___

David Gouldthorpe is HR by day, author by night. He wrote fanfiction for five years before breaking into the world of original fiction. You can read his sci-fi/fantasy shorts, and learn about his upcoming thriller novel Fort Irving, by following his Twitter or by visiting his website at .

 

Snuggly Villains

Snuggly Villains

A guest post by Jabe Stafford

Villains commit some terrible deeds, but that’s not why we want to snuggle them. Lovable evildoers are such a dastardly challenge to write. Sometimes an antagonist you pit against your heroine ends up hollow like a chocolate bunny. Gas station night managers sound more exciting than your bad guy on the bad days. If your she-terror sees more couch potato time than action, kick her off it and chuck the couch into orbit. Heads-up: these better-villain tips are things you’ll need to do and re-do at some point, ‘cause no antagonist is, “eh, good enough.”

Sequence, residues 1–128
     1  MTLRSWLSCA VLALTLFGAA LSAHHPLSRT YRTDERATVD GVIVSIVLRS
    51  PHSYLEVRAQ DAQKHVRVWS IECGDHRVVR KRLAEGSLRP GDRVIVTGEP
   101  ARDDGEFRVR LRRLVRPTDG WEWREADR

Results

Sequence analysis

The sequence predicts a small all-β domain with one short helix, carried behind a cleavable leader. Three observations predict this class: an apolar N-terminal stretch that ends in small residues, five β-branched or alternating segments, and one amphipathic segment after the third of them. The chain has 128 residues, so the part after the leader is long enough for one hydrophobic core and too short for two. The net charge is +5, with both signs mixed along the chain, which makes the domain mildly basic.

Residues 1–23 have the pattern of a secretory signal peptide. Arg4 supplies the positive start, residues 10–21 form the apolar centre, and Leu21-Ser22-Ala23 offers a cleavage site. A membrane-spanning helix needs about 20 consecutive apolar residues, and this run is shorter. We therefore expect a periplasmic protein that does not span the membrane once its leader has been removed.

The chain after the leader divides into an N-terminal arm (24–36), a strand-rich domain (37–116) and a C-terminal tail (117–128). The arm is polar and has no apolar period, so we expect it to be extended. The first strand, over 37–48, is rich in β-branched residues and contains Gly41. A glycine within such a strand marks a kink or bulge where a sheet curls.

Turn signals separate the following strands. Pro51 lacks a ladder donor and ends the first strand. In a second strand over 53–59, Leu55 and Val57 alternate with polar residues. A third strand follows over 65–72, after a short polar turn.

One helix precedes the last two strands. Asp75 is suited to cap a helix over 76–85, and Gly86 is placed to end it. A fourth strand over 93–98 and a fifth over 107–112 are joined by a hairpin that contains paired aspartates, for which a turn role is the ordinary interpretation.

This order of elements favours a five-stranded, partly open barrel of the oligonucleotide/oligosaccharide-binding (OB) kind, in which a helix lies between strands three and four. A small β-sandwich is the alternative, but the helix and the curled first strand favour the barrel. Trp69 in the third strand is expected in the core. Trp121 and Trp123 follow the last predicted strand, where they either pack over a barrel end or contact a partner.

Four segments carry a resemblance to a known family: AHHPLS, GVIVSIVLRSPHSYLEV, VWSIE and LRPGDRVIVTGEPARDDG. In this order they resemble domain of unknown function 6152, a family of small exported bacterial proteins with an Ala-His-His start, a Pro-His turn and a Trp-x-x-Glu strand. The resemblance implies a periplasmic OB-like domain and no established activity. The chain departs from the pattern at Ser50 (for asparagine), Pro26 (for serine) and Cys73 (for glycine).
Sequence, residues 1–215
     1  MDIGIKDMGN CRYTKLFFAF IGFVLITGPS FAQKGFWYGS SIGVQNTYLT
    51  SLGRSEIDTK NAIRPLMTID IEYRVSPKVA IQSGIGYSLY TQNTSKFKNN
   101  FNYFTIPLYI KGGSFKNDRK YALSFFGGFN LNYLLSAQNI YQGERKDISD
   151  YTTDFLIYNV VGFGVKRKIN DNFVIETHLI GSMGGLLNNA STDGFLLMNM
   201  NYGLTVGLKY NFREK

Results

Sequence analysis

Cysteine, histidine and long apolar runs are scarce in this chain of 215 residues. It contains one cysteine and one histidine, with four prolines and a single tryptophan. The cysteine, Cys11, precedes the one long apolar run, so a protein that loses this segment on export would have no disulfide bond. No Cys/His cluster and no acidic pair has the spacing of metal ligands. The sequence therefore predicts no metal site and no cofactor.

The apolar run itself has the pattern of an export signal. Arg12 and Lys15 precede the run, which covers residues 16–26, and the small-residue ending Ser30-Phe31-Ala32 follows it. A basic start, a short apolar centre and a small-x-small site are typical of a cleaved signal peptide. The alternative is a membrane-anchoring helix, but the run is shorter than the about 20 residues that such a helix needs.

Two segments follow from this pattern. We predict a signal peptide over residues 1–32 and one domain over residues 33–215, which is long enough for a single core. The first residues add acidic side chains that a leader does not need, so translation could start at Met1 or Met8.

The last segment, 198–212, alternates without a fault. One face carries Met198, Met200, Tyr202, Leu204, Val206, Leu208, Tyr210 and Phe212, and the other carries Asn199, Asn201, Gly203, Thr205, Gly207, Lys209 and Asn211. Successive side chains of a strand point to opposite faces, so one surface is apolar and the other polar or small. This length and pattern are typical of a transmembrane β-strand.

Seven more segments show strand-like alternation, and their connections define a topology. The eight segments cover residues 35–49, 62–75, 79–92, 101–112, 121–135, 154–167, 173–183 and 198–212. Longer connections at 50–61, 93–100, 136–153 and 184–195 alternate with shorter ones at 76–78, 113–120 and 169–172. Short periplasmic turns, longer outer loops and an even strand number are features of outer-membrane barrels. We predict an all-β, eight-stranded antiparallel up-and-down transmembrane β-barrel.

Straw Man is a term you probably heard when you weren’t listening in English class. Antagonists that are only stereotypes or are only there to be beaten are Straw Women or Men. Were you motivated to care about the cannon-fodder enemies in the latest game you played or novel you read? Then build the habit of not treating your own villains that way. A solid Straw Woman cure to practice is writing from the antagonist’s POV, whatever it may be. First Person, Third Person Close, anything. That villain doesn’t even have to be a narrator in your story. Doing this and reading your own villain’s lines back to yourself will reveal some truth. “Yep, that sounds like a B movie I’d never watch.” “I can tell this bad guy’s faking his role, so the reader probably can too.” Once you hit the point where you could hug your antagonist or see her hoodwinking others into loving her, you know you improved as a writer.

Keep writing.